My heart is sad today.
My heart is sad for the families and loved ones of those precious souls (both old and young) who were killed on Friday.
My heart is sad for Adam Lanza's family, who is now having to cope with not only a dead mother/wife/sister/aunt and a dead son/brother/nephew, but also with a barrage of hate against that same son/brother/nephew.
My heart is sad for those who got worked up over the "Wear Pants to Church" event, and who let their self-righteousness get the best of them and condemn those women who started the event to hell.
I'm going to try to condense my thoughts by doing numbered paragraphs.
1. An article has been going around entitled "I am Adam Lanza's Mother" that I really appreciate. I will add the link, but it is written from the view point of a woman who has a 13 year old with a mental illness who has threatened to kill her and himself multiple times and is currently being placed in a mental facility. She discusses that mental health should be something more talked about. And I agree wholeheartedly. While I don't believe that blame should be misplaced - it was Adam that pulled the trigger - a myriad of things could have happened in his life that led to his making that decision, whether the decision was truly his or not.
In my Adolescent Development class at BYU, our final unit was on school shootings. We took all the different aspects of development during the adolescent years and used them to help see just what might influence someone to do that.
Say the young man had a difficult temperament to begin with, add on a family who enjoyed hunting together and owned guns, add on a liking for violent video games and the ability to get his hands on them, add on a bad break up, add on a mental illness that wasn't detected, add on being bullied - and he just might crack and no longer be in control of his decisions.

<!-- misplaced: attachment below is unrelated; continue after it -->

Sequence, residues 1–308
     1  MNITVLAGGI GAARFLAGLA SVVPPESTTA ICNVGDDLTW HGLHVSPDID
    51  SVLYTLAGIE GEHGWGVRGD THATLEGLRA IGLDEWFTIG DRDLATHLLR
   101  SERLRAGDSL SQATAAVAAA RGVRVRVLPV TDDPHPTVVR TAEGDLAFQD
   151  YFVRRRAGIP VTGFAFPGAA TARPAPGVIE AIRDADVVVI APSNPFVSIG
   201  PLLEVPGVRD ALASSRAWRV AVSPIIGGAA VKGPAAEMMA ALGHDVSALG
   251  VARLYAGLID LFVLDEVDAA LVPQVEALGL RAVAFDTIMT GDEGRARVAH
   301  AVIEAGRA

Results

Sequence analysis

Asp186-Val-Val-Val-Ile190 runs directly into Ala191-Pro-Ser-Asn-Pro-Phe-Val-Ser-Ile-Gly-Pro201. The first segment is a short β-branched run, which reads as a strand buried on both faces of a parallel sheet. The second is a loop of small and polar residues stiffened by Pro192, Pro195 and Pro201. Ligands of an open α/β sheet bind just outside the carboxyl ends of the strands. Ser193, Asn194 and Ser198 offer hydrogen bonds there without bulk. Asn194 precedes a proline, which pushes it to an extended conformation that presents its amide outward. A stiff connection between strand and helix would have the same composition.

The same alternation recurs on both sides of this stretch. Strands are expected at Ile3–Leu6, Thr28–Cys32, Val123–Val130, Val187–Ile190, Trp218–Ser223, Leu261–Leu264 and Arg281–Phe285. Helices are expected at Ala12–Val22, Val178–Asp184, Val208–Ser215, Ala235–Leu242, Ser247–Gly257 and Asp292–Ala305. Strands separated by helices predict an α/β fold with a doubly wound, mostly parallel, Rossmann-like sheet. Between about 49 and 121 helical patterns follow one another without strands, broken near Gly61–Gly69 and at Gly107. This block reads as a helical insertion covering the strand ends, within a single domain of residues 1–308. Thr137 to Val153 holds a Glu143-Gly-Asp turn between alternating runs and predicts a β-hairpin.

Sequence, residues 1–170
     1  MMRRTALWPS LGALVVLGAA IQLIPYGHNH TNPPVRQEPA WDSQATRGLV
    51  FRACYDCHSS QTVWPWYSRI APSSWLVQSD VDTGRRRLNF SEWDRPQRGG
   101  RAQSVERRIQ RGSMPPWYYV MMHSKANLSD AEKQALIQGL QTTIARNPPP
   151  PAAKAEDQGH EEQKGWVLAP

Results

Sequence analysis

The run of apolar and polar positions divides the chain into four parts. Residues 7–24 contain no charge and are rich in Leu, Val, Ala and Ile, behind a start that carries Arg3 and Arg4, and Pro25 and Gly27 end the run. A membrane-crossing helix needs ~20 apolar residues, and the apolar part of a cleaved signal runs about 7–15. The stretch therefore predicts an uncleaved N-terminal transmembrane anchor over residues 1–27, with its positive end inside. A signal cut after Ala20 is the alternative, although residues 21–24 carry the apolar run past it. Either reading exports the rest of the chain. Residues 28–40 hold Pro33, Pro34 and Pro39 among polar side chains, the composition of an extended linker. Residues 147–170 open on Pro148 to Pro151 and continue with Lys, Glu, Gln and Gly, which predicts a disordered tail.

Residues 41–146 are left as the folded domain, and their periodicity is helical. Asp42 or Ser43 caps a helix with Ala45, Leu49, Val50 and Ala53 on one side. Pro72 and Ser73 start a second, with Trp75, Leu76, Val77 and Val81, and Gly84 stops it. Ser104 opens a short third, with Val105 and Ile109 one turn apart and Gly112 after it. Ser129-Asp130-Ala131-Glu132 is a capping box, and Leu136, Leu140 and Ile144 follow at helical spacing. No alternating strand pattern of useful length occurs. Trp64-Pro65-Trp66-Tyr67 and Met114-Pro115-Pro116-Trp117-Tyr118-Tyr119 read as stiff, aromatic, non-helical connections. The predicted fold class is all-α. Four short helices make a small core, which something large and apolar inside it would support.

My heart hurts for all those that don't count the shooter as a victim. Please, think before you talk. Please remember that that family lost loved ones as well. Please try not to judge.
2. That said, it is a horrific thing that happened. And many heroes were made that day. I really enjoy this quote by (Mr.) Fred Rogers that has been going around:
“When I was a boy and I would see scary things in the news, my mother would say to me, ‘Look for the helpers. You will always find people who are helping.’ To this day, especially in times of disaster, I remember my mother’s words, and I am always comforted by realizing that there are still so many helpers — so many caring people in this world.”
It's so true. Let's try to focus on all those caring people who are the helpers after a tragedy occurs. That is what I want to teach my children.
Let's remember that those little ones are with Christ now.
And pray that He will help comfort those that were left behind.
3. The "Wear Pants to Church" event. This has been spreading like wildfire. Everyone has an opinion. Some are not so nice. One of the main founders of this movement (entitled All Enlisted) is Stephanie Lauritzen. She blogs as the mormon child bride and I have been reading her blog for about 3 years now. She is witty and good with words. She is LDS. She struggles with her place in the Church.
She posted a blog post yesterday that made my heart ache.
She didn't start this out of malice or with the spirit of contention. She is genuinely trying to find a place in the Church. She is trying to give a voice to those, who like her, may feel outsiders in a religion the love so very much.
While I don't always agree with her, I see what she is trying to do, and I applaud her for her courage. And I am so sad that there are those of us, who are church members, who would send hateful comments her way. That is not the Gospel as I understand it.
My heart is aching for those who are misunderstood in all aspects of life.
Let's try to be more understanding, and less judgmental in all of our daily doings.
Let's think before we speak and act, and be more Christlike.
My testimony is that that is what Christ would want us to do.
Let's help build up our fellowmen.